- £325 of tax per £1,000 of dividends over £36,841
- If your income exceeds £100,000 obtain a personalised quotation as it gets really complicated!
Additional Tax if you live in Scotland
If you live in Scotland and you are a higher rate tax payer you will pay more tax than if you lived in England, Wales or Northern Ireland.
That applies even if you earn your income in the rest of the UK or even if you have a company registered in England and Wales or Northern Ireland.
If the income subject to the higher rate of tax is received through anything other than dividends and savings interest a resident of Scotland will pay £400 more a year.
A Scottish resident will have to do a parallel tax calculation for dividends, savings and gains using the tax bands for the rest of the UK –who said tax isn’t taxing?
You can see an example of this on the web site of the Chartered Institute of Taxation:
Payments on Account and the new Dividend Tax
A payment on account is an amount paid towards the tax due in your current tax year.
You’ll make a payment on account if your tax bill is more than £1,000.
The new dividend tax has put many more into the payments on account regime than before.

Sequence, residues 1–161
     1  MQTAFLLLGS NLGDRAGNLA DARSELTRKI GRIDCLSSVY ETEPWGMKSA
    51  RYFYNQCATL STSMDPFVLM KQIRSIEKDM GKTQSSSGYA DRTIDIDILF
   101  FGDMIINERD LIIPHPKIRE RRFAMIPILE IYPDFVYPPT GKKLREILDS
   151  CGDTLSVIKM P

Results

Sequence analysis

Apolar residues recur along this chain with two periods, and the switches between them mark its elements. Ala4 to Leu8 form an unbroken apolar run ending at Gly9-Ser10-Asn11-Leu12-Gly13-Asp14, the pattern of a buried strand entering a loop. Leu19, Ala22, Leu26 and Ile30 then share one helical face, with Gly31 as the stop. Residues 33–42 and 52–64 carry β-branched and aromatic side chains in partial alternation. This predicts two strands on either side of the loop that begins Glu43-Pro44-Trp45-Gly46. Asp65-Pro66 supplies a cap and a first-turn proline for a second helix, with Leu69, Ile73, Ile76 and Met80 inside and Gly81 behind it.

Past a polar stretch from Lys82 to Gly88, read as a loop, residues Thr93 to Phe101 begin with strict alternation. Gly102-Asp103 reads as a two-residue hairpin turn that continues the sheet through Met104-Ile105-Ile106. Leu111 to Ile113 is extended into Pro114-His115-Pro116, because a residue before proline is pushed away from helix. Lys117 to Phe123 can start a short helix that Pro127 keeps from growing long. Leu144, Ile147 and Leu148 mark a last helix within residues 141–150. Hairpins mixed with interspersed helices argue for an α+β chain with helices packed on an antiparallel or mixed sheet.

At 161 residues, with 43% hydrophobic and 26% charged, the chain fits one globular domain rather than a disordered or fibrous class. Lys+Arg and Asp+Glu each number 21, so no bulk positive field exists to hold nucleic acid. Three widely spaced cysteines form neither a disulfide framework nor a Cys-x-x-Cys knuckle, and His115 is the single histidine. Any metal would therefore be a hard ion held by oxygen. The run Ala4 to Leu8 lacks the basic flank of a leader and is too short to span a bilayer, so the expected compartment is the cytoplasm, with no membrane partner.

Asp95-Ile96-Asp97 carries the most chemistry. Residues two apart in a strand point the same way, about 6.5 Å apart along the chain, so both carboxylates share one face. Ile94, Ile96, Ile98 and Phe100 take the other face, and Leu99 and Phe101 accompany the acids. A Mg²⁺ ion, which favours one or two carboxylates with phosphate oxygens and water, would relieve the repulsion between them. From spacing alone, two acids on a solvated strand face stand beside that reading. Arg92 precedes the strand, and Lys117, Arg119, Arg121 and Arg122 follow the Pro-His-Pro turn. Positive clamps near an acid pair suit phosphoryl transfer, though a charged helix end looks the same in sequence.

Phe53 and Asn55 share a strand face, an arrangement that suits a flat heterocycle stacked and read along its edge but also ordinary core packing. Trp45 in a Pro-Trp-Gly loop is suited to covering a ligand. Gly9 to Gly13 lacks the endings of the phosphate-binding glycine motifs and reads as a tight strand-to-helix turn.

If you were in receipt of dividends at an amount below the higher rate threshold, until April 2016, you would have paid no further tax.
As we know that all changed from April 2016; those with dividends under the higher rate threshold now have to pay 7.5% dividend tax, after taking into account dividend and personal allowances of course.
If this extra tax bill exceeds £1,000 then not only will you have to pay that but you’ll also have to make two payments on account; 50% of the tax bill on the 31st January and 50% of the tax bill on 31st July.
In reality this means that your tax bill on 31st January will be 150% (less any previous payments on account).
Payments on account seem to confuse many; if in doubt ask your accountant to explain them or check out the explanation at https://www.gov.uk/understand-self-assessment-bill/payments-on-account
Tax is flipping complicated – isn’t it?!
We strongly recommend that you agree the most appropriate structure for your circumstances with your accountant. They will be able to advise you based upon your specific circumstances.
Everyone has different tax affairs; this factsheet is for illustration purposes only and should not be relied upon for your tax planning or tax affairs. We recommend that you seek the advice of a suitably qualified accountant before making any tax planning decisions. Please do check accountancy qualifications; anyone can call themselves an accountant.
Get your calculation checked with your accountant to make sure you have a tax plan that suits you.
Failure to process your payroll and submit the correct RTI (Real Time Information) returns could result in fine or penalties.
Disguised employment issues aside, operating as a limited company is perfectly legitimate and is purely a business choice.
Salary is an allowable business cost and will reduce the profit subject to corporation tax.
Dividends are paid out of post tax profits.
Remember that dividends do not attract national insurance and so are a more tax efficient way of extracting profit from your business.